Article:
# SATGPA Scatter

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```					         Topics: Correlation

• Examining “bi-variate” relationships
through pictures
• Examining “bi-variate” relationships
through numbers
Correlational Research

• Exploration of relationships between
variables for better understanding
• Exploration of relationships between
variables as a means of predicting future
behavior.
Correlation:
Bi-Variate Relationships
• A correlation describes a relationship between two
variables

• Correlation tries to answer the following questions:
– What is the relationship between variable X and variable Y?
– How are the scores on one measure associated with scores on
another measure?
– To what extent do the high scores on one variable go with the high
scores on the second variable?
Types of Correlation Studies

• Measures of same individuals on two or
more different variables
• Measures of different individuals on the
“same” variable
• Measures of the same individuals on the
“same” variable(s) measured at different
times
Representations of Relationships

• Tabular Representation: arrangement of
scores in a joint distribution table
• Graphical Representation: a picture of
the joint distribution
• Numerical Represenation: a number
summarizing the relationship
Scatter Plot: SAT/GPA
(Overachievement Study)
4.0

3.5

3.0

2.5

2.0
GPA

1.5
900          1000   1100    1200    1300

SAT
Creating a Scatter Plot

• Construct a joint distribution table
• Draw the axis of the graph
– Label the abscissa with name of units of the X variable
– Label the ordinate with the name of the units of the Y variable
• Plot one point for each subject representing their scores on each
variable
• Draw a perimeter line (“fence”) around the full set of data points trying
to get as tight a fit as possible.
• Examine the shape:
– The “tilt”
– The “thickness”
• Tilt: The slope (or slant) of the scatter as
represented by an imaginary line.

– Positive relationship: The estimated line goes from
lower-left to upper right (high-high, low-low situation)
– Negative relationship: The estimated line goes from
upper left to lower right (high-low, low-high situation)
– No relationship: The line is horizontal or vertical
because the points have no slant
Examples of Various Scatter Plots
Demontrating Tilt

• Shape: the degree to which the points in the
scatter plot cluster around the imaginary
line that represents the slope.
– Strong relationship: If oval is elongated and
thin.
– Weak relationship: If oval is not much longer
than it is wide.
– Moderate relationship: Somewhere in between.
Examples of Various scatter plots
Demontrating Shape (Strength)
Numerical Representation:
The Correlation Coefficient
• Correlation Coefficient = numerical summary of scatter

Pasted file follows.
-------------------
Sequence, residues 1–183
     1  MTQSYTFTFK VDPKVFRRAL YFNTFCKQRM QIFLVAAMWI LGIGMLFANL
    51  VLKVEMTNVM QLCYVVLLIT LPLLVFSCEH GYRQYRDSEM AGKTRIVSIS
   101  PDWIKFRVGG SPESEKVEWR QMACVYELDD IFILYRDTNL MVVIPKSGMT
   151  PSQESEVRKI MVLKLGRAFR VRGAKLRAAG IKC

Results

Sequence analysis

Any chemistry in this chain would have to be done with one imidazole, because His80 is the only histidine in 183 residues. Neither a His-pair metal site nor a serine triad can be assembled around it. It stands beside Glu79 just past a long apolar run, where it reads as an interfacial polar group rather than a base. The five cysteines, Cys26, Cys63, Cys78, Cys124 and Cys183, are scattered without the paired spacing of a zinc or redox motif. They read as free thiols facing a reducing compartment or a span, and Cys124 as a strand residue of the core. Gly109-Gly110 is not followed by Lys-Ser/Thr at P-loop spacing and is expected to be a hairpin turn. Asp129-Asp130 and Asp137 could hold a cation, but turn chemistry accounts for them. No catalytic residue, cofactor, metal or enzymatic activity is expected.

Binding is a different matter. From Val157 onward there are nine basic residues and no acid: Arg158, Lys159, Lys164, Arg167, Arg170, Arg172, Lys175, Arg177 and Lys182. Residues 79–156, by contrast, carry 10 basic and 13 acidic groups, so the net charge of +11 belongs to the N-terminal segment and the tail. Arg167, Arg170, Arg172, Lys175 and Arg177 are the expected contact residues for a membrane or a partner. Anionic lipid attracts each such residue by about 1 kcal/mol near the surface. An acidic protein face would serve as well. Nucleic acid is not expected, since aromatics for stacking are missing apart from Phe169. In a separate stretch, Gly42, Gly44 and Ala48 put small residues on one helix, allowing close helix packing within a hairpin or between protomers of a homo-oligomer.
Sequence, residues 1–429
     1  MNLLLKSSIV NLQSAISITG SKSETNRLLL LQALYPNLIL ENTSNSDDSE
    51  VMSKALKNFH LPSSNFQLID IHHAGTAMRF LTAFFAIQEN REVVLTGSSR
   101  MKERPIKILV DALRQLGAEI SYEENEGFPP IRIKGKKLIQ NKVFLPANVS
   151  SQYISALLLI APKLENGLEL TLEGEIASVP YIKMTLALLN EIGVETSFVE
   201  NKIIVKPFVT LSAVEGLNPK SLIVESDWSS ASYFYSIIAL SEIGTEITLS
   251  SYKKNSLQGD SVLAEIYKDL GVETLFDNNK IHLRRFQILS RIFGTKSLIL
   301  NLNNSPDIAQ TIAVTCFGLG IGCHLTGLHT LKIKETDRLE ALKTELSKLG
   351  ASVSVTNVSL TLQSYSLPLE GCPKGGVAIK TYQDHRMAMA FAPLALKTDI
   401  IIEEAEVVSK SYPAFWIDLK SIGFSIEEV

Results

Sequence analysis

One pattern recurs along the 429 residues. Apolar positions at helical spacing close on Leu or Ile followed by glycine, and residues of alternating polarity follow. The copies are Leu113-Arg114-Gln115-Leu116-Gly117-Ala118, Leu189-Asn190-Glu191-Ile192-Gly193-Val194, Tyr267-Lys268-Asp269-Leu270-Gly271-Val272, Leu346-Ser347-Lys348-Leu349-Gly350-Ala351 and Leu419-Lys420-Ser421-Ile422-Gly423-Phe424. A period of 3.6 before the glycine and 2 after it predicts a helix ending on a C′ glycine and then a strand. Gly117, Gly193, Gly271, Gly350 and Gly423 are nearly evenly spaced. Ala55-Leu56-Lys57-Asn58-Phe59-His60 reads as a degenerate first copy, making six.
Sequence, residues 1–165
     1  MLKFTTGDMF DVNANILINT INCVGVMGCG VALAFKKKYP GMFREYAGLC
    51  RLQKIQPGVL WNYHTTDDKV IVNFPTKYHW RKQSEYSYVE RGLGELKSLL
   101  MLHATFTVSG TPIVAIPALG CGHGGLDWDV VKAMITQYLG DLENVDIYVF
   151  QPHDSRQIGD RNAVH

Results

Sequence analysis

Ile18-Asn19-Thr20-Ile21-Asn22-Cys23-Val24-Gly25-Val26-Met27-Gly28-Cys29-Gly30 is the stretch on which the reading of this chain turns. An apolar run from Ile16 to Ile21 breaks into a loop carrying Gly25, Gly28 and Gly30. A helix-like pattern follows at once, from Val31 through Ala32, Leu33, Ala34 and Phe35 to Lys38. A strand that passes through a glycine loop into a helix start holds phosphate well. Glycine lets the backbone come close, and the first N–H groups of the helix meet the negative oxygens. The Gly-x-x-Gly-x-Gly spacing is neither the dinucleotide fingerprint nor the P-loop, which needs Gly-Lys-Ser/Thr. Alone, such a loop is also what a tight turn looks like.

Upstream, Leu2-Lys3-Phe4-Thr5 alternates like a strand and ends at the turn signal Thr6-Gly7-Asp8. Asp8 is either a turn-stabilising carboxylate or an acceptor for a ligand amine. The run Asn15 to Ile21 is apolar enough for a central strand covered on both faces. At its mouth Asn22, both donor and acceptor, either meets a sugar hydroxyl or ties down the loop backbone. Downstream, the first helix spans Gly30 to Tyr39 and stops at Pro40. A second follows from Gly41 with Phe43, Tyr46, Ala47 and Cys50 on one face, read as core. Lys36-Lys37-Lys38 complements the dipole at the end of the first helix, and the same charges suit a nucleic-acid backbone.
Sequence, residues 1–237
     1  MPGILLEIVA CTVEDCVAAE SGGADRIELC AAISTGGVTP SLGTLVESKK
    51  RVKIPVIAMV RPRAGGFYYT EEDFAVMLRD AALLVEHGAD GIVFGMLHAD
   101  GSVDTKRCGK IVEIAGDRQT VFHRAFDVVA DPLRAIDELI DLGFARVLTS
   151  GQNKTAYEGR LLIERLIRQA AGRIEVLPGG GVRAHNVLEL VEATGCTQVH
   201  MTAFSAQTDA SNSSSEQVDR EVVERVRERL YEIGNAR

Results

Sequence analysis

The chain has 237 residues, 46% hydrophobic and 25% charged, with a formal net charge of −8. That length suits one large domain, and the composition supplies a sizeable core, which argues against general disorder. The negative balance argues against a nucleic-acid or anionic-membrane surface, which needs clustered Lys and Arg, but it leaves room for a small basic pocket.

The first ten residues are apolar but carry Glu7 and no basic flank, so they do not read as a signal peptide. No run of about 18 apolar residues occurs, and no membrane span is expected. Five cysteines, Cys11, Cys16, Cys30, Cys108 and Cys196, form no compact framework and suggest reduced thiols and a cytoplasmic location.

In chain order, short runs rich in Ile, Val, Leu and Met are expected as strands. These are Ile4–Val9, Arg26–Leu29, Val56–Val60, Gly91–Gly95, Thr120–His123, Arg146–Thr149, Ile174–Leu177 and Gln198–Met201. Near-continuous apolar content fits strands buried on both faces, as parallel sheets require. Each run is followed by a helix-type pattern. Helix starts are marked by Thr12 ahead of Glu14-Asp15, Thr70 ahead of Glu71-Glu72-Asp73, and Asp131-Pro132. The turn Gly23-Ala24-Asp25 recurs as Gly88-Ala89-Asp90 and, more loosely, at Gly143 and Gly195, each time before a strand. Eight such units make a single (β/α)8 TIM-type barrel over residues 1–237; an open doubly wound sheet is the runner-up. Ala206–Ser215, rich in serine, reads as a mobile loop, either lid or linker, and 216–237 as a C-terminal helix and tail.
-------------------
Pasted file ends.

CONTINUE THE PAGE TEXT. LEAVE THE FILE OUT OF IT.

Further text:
plots. A measure of the strength of association between
two variables.
• Correlation indicated by ‘r’ (lowercase)
• Correlation range: -1.00         0.00        +1.00
• Absolute magnitude: is the indicator of the strength of
relationship. Closer to value of 1.00 (+ or -) the stronger
the relationship; closer to 0 the weaker the relationship.
• Sign (+ or -): is the indication of the nature (direction,)tilt)
of the relationship (positive,negative).
Types of Correlation Coefficients
Scale of         Interval, Ratio    Ordina l       Nominal      Dichoto mous
Measurement                                                     Artificial
Dichoto my
Interval,Ratio   Pearson P roduct
Momen t

Ordina l                            Spearman Rho
Kendal l Tau

Nominal                                            Cramer's V

Dichoto mous,    Point Biserial                                 Phi
Artificial       Biserial                                       Tetrachoric
Dichoto my
Influences on Correlation Coefficients

•   Restriction of range
•   Use of extreme groups
•   Combining groups
•   Outliers (extreme scores)
•   Curvilinear relationships
•   Sample size
•   Reliability of measures
Restriction of Range: Example
Using Extreme Groups Example
Combining Groups Example
Outliers (Extreme Scores) Example
Curvilinear Examples
Coefficient of Determination

• Coefficient of Determination: the squared
correlation coefficient
• The proportion of variability in Y that can
be explained (accounted for) by knowing X
• Lies between 0 and +1.00
• r2 will always be lower than r
• Often converted to a percentage
Coefficient of Determination:
Graphical Display
Some Warnings
• Correlation does not address issue of cause and
effect: correlation ≠ causation
• Correlation is a way to establish independence of
measures
• No rules about what is “strong”, “moderate”,
“weak” relationship

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 views: 20 posted: 8/21/2012 language: English pages: 22